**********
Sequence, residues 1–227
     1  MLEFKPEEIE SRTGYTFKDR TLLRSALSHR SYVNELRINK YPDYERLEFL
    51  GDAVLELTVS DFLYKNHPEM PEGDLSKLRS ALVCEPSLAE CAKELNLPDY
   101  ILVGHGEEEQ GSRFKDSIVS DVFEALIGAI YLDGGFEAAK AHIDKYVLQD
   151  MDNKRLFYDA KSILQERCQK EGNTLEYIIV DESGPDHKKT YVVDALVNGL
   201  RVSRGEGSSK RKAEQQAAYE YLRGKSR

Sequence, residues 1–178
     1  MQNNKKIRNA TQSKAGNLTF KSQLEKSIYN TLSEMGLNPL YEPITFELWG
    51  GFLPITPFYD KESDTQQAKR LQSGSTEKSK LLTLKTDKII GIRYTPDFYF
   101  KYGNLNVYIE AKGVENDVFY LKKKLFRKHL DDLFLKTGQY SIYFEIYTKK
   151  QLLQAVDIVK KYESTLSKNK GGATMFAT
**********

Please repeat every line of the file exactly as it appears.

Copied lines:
Sequence, residues 1–227
     1  MLEFKPEEIE SRTGYTFKDR TLLRSALSHR SYVNELRINK YPDYERLEFL
    51  GDAVLELTVS DFLYKNHPEM PEGDLSKLRS ALVCEPSLAE CAKELNLPDY
   101  ILVGHGEEEQ GSRFKDSIVS DVFEALIGAI YLDGGFEAAK AHIDKYVLQD
   151  MDNKRLFYDA KSILQERCQK EGNTLEYIIV DESGPDHKKT YVVDALVNGL
   201  RVSRGEGSSK RKAEQQAAYE YLRGKSR

Sequence, residues 1–178
     1  MQNNKKIRNA TQSKAGNLTF KSQLEKSIYN TLSEMGLNPL YEPITFELWG
    51  GFLPITPFYD KESDTQQAKR LQSGSTEKSK LLTLKTDKII GIRYTPDFYF
   101  KYGNLNVYIE AKGVENDVFY LKKKLFRKHL DDLFLKTGQY SIYFEIYTKK
   151  QLLQAVDIVK KYESTLSKNK GGATMFAT